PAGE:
It was well-after dark when we arrived in Musanze, triangulating a meeting place by phone with our proprietress.  The meet-up was successful and absolutely necessary.  We never would have found the place, down and around unlit, unpaved, unmarked back streets as it was.  After a quick change-a-roo so Jimm could have facilities (I never saw where “down the hall” would have been if he had kept the first room offered), we were soon tucked in under our respective mosquito nets.

In the morning we headed up to Virunga Lodge, the older posh lodge serving Volcanoes National Park, just to see it and take in the view.  We didn’t expect to be welcomed with open arms, not being guests and definitely looking worse for wear, but figured we could have a drink and be gone before the guests returned from their morning trek.  When sad sedan just couldn’t make the final incline toward the mountain-top lodge, we were forced to park it on the side of the road and go it on foot, which would have been alarming enough to the guards who only ever see white people turn up in Land Rovers, but we immediately collected an entourage of raggedy school children for whom we were the most exciting thing to happen all week.  About a dozen boys and girls took our hands and a few started chattering away in both Kinyarwanda and English.  The boy responsible for the goat tried to carry it in order to keep up with the rest, but not lose his goat, who did not want to be carried.  There was shouting… and wrestling… and bleating.  All of them were darling.  Most of the children went to school in the other part of the day (the blue and khaki are uniforms).  When the girls asked me what my job is, I desperately wanted to be able to show them that a woman can be anything.  It was an encouraging sign that they assumed I had a job.  I don’t.  I’m a housewife… and a terrible liar, so I told the truth and said it’s my choice and that by going to school they can choose to be anything they want, too.  They escorted us all the way up to the lodge gates where the guards gave them such a frowning that they scampered away quickly.


Goat&GirlsSo we had a coffee, enjoyed the million dollar view, confirmed that Virunga Lodge is a bit of an aging lady compared to Nyungwe Forest Lodge, and took our leave… into the waiting hands of our new young friends.  This boded well for the car being where we left it and in approximately the same condition, which it was.  As we were attempting to extricate ourselves, a boy of about 6 invited us to his house.  When I asked, he swore his mother said it was OK.  We met his family… and neighbors… and goats.  The patriarch spoke French rather than English and was so tickled when I pulled out a few phrases.  He was sorry that Jimm had no more sons than just Craig.  Yes, but I just left it at that.  We visited a while, then finally made our way back to the car.  These folks, living in 2-room mud huts, farming unspeakably steep hillsides, have the same million dollar view as the guests just above them staying in the posh lodge.  It was something special to meet those people and see their home, rather than blasting past in an SUV, oblivious.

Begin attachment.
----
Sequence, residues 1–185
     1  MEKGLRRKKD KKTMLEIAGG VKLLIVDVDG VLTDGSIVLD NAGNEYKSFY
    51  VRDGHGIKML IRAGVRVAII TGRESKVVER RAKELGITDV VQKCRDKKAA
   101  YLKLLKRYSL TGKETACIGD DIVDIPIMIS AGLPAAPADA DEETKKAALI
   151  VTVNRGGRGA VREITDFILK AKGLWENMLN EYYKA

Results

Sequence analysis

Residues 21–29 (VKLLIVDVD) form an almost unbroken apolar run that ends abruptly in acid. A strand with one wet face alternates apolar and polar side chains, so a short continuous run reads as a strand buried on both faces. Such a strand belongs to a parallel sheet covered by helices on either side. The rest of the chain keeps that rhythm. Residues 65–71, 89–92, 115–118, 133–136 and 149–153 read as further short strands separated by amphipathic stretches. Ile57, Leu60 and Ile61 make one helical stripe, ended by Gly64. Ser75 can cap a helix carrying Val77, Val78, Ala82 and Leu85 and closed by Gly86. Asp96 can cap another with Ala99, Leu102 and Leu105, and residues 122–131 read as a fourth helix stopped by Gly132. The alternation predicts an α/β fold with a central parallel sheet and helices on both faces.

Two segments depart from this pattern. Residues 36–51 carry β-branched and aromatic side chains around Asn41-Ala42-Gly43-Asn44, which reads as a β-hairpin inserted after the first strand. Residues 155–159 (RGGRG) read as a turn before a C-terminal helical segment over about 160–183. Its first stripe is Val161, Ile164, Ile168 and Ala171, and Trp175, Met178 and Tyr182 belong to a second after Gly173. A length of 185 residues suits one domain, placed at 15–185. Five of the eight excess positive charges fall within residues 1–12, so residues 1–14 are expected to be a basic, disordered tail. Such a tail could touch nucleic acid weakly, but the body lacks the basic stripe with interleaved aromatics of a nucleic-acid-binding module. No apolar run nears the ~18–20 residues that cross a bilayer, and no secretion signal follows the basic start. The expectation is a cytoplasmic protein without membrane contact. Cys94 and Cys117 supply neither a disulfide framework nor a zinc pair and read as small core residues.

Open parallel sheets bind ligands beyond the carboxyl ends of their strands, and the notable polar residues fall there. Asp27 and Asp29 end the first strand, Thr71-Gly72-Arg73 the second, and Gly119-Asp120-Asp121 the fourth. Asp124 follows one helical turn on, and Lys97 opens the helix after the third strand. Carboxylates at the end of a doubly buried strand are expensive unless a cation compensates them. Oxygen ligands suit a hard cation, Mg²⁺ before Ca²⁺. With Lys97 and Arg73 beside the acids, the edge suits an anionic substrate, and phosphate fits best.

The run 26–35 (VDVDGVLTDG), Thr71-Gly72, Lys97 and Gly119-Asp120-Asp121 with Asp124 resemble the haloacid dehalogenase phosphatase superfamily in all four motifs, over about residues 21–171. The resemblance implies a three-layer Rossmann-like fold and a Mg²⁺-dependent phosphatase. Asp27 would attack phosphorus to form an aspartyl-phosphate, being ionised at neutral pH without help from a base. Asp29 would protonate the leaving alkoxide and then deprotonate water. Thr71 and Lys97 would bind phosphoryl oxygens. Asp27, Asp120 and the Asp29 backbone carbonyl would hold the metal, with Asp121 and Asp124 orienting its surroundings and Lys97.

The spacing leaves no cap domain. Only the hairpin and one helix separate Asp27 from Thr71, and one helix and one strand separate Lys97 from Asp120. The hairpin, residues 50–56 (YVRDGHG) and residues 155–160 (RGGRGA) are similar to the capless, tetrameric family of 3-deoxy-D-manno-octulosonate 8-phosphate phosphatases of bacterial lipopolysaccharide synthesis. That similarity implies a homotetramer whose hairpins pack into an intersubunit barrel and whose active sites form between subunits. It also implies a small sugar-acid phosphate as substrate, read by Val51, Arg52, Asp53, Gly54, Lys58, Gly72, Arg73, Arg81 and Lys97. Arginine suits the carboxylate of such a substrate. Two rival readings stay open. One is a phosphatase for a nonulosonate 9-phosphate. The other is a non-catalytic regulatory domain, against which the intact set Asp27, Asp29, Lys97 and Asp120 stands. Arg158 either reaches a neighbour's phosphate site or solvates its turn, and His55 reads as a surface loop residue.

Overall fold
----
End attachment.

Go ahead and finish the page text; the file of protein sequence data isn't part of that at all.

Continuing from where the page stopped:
The next day brought us Golden Monkeys!  Another permitted trek with guides, trekkers, and rangers, the ratio of travail to pay-off was still much better than Chimpanzee Day.  The Goldens spend time lower in the trees, seeming to mind us not a whit, maybe as much as to turn their backs to our cameras, but no more than that.  The troop was on the move, so we followed, and as the sun came out we got some very nice shots at the end of our allotted time with them.  As we would have with the gorillas, it’s one hour, no more, then get out of their living room.  Fair enough.  It was a pleasure to be there, where they live as they should, in the wild, valued and protected.